Japanese teens stay, play baseball Arundel-style Kanagawa stars visiting in Sister State program

August 28, 1998|By Pat O'Malley | Pat O'Malley,SUN STAFF

Arundel High School families are hosting this week an all-star boys baseball team from central Japan's Kanagawa prefecture, a region south of Tokyo with more than 200 high-school squads.

The team of 18 players, plus an eight-man staff, is playing three games while staying with families in the Crofton/Gambrills area of Anne Arundel County.

The visitors will tour Camden Yards and, weather permitting, are to take in tonight's Orioles-Kansas City Royals game before leaving for home Sunday.

The Japanese visited the Babe Ruth Museum on Wednesday and Washington, D.C., yesterday, seeing the National Air and Space Museum, the Washington Monument and Lincoln Memorial.

"They had a great time -- always have smiles on their faces," said Arundel sophomore catcher Brian Pugliese, whose family is hosting two Japanese players, Sadaki Otsuki and Shigeharu Dobashi.

"They know just a little English, and if one of them doesn't understand, the other one does," said Brian.

Pugliese said his guests have been "constantly at our pool table and love our beagle, pizza, hamburgers and hot dogs. They eat a lot but not between meals. The only thing they've done that I wouldn't do is wear flip-flops sightseeing."

In January, the Maryland Sister State program contacted Arundel athletic director and baseball coach Bernie Walter about an exchange program with a group from Kanagawa, with which Maryland has been associated for 16 years.

Active in the American Baseball Coaches Association and U.S. Baseball Federation, Walter is known internationally after leading the 1988 USBF junior-national 17-18 team to a world championship in Sydney, Australia and, two years later in Havana, Cuba, a bronze medal.

Maryland Secretary of State John Willis, who attended Arundel Junior High and graduated from Westminster High, and Sister States' Molly Hughes coordinated the exchange, which earned Willis first-pitch honors in a game Wednesday at Arundel.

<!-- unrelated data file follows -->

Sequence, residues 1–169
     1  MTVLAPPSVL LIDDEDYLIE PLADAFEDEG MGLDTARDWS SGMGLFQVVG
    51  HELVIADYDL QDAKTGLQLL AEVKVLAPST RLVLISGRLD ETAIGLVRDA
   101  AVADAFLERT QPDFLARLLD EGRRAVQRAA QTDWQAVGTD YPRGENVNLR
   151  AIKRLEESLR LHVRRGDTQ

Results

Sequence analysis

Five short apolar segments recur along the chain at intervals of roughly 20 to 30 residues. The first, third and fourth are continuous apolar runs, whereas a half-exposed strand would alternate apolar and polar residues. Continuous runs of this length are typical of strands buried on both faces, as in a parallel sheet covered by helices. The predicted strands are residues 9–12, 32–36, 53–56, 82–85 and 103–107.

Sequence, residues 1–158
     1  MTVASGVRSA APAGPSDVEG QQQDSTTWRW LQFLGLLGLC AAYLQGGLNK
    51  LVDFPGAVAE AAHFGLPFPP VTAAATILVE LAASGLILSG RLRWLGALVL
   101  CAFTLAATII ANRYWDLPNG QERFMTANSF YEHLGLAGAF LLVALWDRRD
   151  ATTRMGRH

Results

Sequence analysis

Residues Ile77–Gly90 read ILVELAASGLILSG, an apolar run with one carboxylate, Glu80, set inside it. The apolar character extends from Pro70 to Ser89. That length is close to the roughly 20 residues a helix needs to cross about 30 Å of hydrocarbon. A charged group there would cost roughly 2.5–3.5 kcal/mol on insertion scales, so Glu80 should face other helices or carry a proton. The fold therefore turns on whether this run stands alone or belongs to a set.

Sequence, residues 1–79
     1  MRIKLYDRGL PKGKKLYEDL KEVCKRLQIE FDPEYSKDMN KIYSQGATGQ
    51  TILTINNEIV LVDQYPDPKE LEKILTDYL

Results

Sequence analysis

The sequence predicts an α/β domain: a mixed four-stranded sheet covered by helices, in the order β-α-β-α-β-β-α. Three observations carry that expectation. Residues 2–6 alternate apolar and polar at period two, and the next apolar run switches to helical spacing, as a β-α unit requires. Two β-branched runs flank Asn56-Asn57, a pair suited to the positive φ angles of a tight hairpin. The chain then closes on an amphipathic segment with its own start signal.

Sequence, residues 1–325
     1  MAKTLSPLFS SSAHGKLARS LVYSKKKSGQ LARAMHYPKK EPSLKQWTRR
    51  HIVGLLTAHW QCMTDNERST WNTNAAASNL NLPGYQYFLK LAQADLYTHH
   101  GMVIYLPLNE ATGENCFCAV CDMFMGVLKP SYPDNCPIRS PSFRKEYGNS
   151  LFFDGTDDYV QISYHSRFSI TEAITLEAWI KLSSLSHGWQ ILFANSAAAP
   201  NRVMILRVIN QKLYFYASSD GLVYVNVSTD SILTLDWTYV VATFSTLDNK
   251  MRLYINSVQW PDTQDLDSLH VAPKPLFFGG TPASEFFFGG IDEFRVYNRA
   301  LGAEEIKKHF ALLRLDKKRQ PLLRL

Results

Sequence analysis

Walter presented the visitors a Maryland flag as the teams exchanged gifts before Kanagawa rolled, 11-1, over the Arundel Cats, a summer club team.

Last night, after presenting the visitors with Orioles caps, the national 16-year-old champion Maryland Orioles beat the Japanese, 5-3, highlighted by Derek Dixon's home run.

Kanagawa concludes its series against the Arundel Cats at noon today.

High school baseball in Japan is exceeded in popularity only by professional baseball. National high-school champions are determined in both spring and summer. A Kanagawa school, Yokohama High, won both this year, with one of its players being scouted by major-league interests. Yokohama coach Motonori Watanabe manages the all-star team.

High school baseball is "very, very popular in Japan," said Kanagawa Baseball Federation president Hajime Kurotsuchi through interpreter Yoshiko Beard, the wife of local umpire John Beard. "About 50,000 fans attend the grand championship."

Kurotsuchi and assistant Yasunao Murayama, who speaks limited English, were impressed with the excellent, grassy, Arundel High baseball stadium, which has lights for night games.

"It's huge, wonderful, very big compared to our public schools in Japan," said Kurotsuchi. "We have mostly dirt infields and no lights, except for some of our private schools. We take our baseball serious."

Arundel Cats coach Jeff Lloyd observed that "the only difference vTC between our kids and theirs is the language barrier. They enjoy the same things but might be a little more disciplined."

Pub Date: 8/28/98

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